Cold molding and strip plank

Discussion in 'Wooden Boat Building and Restoration' started by arthor, Nov 10, 2009.

  1. arthor
    Joined: Apr 2008
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    Location: UK Yorkshire

    arthor Junior Member

    I have been looking on the web for clear definitions of both of these and feel a bit thick as I am still not sure what the difference is and still have loads of questions.
    I understand that strip planking using something like ceder strips is where you set up frames (and stringers?) and the attach the strips to them. Where I get a bit confused is when there is mention of ply planks that go on with 45 deg angles to each other to the required thickness. This is also mentioned when I have looked at some cold moulding methods.
    Is cold moulding where layers of veneer are used over the same frame set up? What is the difference?
    Another question is that mention is often made of temporary frames. I am thinking that carefully positioned frames would end up staying in as bulkheads etc. Obviously it would be okay to permanently attach stringers, planks etc right onto the frames but what about the temporary frames? How are the stringers attached to them so the frames can come out??
    I see the build as follows:-
    1)Set up the frames etc
    2)Put stringers on
    3)Use ply sheets/strips in layers to the required thickness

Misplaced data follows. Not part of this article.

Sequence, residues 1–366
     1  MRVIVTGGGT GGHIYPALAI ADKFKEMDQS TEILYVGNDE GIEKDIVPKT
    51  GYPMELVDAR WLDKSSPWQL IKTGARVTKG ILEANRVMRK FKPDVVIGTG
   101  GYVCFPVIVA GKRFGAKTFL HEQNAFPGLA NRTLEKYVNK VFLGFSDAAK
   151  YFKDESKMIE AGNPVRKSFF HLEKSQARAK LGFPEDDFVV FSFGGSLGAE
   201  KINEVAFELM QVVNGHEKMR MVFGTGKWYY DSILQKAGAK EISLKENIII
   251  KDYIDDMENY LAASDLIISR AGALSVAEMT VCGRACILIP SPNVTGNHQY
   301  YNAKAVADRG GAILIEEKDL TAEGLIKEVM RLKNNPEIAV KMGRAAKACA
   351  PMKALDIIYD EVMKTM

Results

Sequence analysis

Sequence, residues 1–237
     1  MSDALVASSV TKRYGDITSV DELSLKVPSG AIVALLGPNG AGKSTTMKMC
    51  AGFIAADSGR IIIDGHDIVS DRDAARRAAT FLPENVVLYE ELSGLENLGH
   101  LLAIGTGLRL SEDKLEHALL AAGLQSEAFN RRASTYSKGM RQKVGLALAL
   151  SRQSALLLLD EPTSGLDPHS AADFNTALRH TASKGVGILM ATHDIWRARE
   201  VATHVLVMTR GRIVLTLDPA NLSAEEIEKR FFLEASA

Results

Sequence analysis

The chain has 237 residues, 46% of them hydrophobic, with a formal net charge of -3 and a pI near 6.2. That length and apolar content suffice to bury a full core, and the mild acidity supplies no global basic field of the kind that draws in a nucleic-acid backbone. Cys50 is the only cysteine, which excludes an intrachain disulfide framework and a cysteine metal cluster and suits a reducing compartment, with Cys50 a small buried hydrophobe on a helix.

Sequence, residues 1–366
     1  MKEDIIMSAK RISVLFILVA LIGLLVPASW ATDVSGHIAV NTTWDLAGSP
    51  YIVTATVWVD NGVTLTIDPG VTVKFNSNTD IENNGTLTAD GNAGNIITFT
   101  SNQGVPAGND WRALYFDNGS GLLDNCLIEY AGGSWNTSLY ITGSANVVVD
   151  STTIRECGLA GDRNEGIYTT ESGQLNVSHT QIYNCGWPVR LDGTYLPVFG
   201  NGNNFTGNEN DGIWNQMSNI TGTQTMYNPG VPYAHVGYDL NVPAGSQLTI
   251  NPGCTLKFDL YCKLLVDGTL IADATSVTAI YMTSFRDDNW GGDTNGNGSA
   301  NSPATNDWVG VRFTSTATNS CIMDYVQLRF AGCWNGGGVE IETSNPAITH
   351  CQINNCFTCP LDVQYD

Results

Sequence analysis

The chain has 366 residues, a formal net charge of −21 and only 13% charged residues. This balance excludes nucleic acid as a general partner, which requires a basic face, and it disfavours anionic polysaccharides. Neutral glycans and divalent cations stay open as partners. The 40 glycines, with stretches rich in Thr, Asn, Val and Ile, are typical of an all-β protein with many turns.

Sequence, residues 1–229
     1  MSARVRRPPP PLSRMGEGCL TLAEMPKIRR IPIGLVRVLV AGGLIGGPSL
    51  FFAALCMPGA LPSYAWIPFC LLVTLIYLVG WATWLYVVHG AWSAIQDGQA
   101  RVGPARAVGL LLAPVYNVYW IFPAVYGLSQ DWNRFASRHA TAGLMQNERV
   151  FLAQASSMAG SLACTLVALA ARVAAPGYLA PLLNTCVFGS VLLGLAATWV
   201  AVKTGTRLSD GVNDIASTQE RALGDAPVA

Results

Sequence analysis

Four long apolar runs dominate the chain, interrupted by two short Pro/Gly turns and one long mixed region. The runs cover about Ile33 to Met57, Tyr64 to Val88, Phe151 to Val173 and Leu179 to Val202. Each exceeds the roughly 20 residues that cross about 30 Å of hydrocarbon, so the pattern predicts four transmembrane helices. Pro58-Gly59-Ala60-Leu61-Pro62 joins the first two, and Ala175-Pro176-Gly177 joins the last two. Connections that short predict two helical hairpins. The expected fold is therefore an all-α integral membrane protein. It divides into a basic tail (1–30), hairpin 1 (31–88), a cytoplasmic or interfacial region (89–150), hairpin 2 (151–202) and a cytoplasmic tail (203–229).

4)Fair it, glass it and fair it again.
    5)Paint it
    6)Get up underneath and remove the redundant frames (this is the bit that generated the question of how to attach the stringers)
    7)Turn it, glass the inside and away you go.

    What build method would that be classed as??

    many thanks
     
  2. gonzo
    Joined: Aug 2002
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    gonzo Senior Member

    Both cold molded and strip-planking can have no or a variety of framing and reinforcements.
    Strip planking are strips of more less square section that get edge nailed to each other as you lay the planks.
    Cold moded is usually referred to a construction of three or more layers of thin planking set in glue.
     
  3. PAR
    Joined: Nov 2003
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    Location: Eustis, FL

    PAR Yacht Designer/Builder

    Gonzo has it about right. A molded hull can take on a few different forms, but all require laminating veneers of wood over a mold (or inside one).

    Strip planking is just as the name suggests as is longitudinal strips laid over a mold, often square, but not always.

    Both strip planking and cold molding have several variants, which can often get confusing. The variety of different methods these two offer can permit a hull shell without any frames or stringers. On the other hand, it's important to use the method the design was engineered for, as scantlings and laminate schedules can change dramatically between the different versions of these methods.

    Attaching planking to temporary molds can be a challenge, but not necessarily hard. A simple tack or finish nail can suffice, pulled out after it's neighbors have dried. Some use fishing line, others are stapled to it's neighbor. In short, what ever works for the situation.